Tuesday, July 30, 2013

July 2013 - Part I

July got off to a roaring start in the vineyard.  Very early on the first day of July, I was invited out to have a look at the grapes.

Luscious Sauvignon Blanc grapes in near perfect condition.

When Stanley gets the grape shears out, it's time to start thinking harvest.

My job is always first and foremost to sort through the grapes, removing any imperfections.  If all grapes were as clean as these, I'd be left without a job.  Here's the first of them, ready to go through the crusher. 

Free run . . . the best of the juice.  That's the part that just runs out of the grapes without any pressure.  

One of Stanley's favorite jobs - Lab Technician!  You can read all about the white grape harvest at http://donamakeswine.blogspot.mx/2013/07/sauvignon-blanc-2013.html.  

These happy pictures were made on July 1.  On July 7th it started raining.  Between the 7th and the 22nd of July, we had about 6 1/2 inches of rain.  Not good grape growing weather.  On the 10th we crushed the remainder of the Sauvignon Blanc and the Chardonnay from Jardin Botanico.  

 That's Rosie, Nacho's sister, at the sorting table.  Nacho's mother was supervising from a safe distance.  They are both spending the summer here, glad to be away from the intense heat in Mexicali.  We have certainly enjoyed having them here.  Rosie has been a great partner at the sorting table and for morning walks.

Here's a familiar face to readers of Day by Day.  Antonio is our Number 1 Man.  The only reason we can travel is because we can depend on him to check on the vines during the spring and to top up the barrels in the fall and winter.  Anytime he senses a problem he sends me an email and we work through the issue over the internet.  He is a jewel!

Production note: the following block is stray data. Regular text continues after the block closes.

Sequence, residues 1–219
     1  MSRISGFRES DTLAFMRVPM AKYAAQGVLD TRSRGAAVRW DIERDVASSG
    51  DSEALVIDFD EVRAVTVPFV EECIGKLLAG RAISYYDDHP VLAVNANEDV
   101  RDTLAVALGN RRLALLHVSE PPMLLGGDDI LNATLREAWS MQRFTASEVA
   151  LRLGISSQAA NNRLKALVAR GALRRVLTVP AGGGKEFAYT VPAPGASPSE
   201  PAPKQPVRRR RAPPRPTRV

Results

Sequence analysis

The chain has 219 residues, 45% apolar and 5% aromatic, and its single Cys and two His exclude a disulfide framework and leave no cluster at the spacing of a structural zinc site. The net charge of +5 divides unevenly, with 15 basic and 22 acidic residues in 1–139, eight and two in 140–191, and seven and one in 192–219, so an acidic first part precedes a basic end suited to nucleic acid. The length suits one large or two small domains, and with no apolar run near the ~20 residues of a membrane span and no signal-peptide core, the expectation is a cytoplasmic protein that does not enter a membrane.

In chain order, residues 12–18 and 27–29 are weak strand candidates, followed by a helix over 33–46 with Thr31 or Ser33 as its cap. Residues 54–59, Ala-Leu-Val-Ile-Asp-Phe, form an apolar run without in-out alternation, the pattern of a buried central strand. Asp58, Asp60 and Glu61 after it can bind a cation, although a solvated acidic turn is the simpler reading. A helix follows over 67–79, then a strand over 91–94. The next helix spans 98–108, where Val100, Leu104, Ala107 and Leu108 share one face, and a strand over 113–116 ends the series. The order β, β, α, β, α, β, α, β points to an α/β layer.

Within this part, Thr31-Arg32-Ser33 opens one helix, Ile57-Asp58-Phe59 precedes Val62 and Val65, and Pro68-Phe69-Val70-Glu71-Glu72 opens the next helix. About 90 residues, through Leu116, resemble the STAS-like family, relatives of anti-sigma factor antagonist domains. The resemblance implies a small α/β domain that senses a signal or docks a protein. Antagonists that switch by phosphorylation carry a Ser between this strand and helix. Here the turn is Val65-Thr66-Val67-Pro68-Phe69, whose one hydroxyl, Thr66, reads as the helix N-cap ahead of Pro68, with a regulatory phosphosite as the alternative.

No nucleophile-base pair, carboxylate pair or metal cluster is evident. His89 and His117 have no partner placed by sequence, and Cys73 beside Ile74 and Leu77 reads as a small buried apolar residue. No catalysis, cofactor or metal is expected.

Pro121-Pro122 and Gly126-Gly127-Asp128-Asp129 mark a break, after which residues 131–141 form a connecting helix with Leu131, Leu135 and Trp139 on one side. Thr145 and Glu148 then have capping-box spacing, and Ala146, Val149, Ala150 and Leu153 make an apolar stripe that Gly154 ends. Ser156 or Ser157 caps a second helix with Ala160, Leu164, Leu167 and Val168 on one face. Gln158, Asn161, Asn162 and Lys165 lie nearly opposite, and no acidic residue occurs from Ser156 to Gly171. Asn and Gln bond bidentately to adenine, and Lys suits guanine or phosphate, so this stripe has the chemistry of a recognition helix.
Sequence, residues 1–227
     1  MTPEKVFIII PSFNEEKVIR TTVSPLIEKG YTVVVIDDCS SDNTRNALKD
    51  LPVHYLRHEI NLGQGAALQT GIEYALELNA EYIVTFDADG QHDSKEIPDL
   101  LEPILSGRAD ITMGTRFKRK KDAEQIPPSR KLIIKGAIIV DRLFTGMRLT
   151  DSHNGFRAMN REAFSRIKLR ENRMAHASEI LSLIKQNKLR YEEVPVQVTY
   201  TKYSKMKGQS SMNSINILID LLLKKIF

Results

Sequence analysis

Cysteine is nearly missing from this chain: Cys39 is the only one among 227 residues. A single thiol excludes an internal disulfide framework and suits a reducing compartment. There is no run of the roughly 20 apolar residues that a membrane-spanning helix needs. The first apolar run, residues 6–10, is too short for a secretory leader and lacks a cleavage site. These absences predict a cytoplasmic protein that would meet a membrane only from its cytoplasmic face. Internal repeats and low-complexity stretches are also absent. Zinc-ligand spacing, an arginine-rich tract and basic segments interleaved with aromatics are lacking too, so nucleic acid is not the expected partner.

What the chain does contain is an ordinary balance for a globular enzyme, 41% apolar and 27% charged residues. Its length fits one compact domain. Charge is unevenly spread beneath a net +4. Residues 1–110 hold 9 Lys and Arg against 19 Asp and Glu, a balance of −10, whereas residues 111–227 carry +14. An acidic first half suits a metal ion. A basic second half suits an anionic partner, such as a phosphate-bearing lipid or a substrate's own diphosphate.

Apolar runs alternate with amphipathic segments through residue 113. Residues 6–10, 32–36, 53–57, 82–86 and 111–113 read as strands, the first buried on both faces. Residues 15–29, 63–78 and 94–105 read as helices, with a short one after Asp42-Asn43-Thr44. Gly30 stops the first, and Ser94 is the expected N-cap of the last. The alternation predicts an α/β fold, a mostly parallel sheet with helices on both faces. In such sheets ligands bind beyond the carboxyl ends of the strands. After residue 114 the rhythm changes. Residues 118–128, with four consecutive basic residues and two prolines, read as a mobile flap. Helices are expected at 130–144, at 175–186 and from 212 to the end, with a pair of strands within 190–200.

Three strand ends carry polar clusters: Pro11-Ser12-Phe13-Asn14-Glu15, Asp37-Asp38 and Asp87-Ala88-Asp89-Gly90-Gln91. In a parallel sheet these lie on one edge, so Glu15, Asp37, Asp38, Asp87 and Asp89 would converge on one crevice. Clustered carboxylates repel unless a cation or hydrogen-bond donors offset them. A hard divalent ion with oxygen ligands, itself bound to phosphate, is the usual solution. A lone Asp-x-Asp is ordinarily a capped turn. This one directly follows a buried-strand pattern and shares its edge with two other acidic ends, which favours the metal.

Homero, the tractor guy, cleaned out under the pecan trees next to the vineyard.  Stanley went down to do some finishing work and found this little hummingbird nest.  

New friends:  Jesus Garcia Garza and his wife Angeles Madero Cantu.  They own Rincon de Montero and want to add a small vineyard to the attractions around the hotel.  They came to our place one evening to have a look at our small operation and then we had dinner with them the following evening at Rincon.  

We don't have a lot of variety in the garden this year, but we do have abundance.  One of the nicest surprises is the bean crop.  Enough beans to have all we want, whenever we want.  

Not much variety in the insect world this summer either, but this guy was particularly handsome.  

I had a thing or two to say about the rain earlier.  Well, this was the view from our front porch on July 18th. It came within two inches of the bottom of the door jamb.  Fortunately, it started receding and didn't come back up.  It washed out some plantings and the steps to the patio, but the tree got a good watering.  

It rained all morning the 19th, but that afternoon the sun came out just long enough to dry out the outdoor furniture.  Good thing because we were expecting company!  The occasion:  Alida's birthday and the 1st Cosecha of the new vineyard she shares with her husband Ernesto.  

 From Left to Right:  Stanley, Ernesto, Alida, their daughter Silke, Eduardo, Annai and her parents Hortensia and Yoyo.  What a cool group.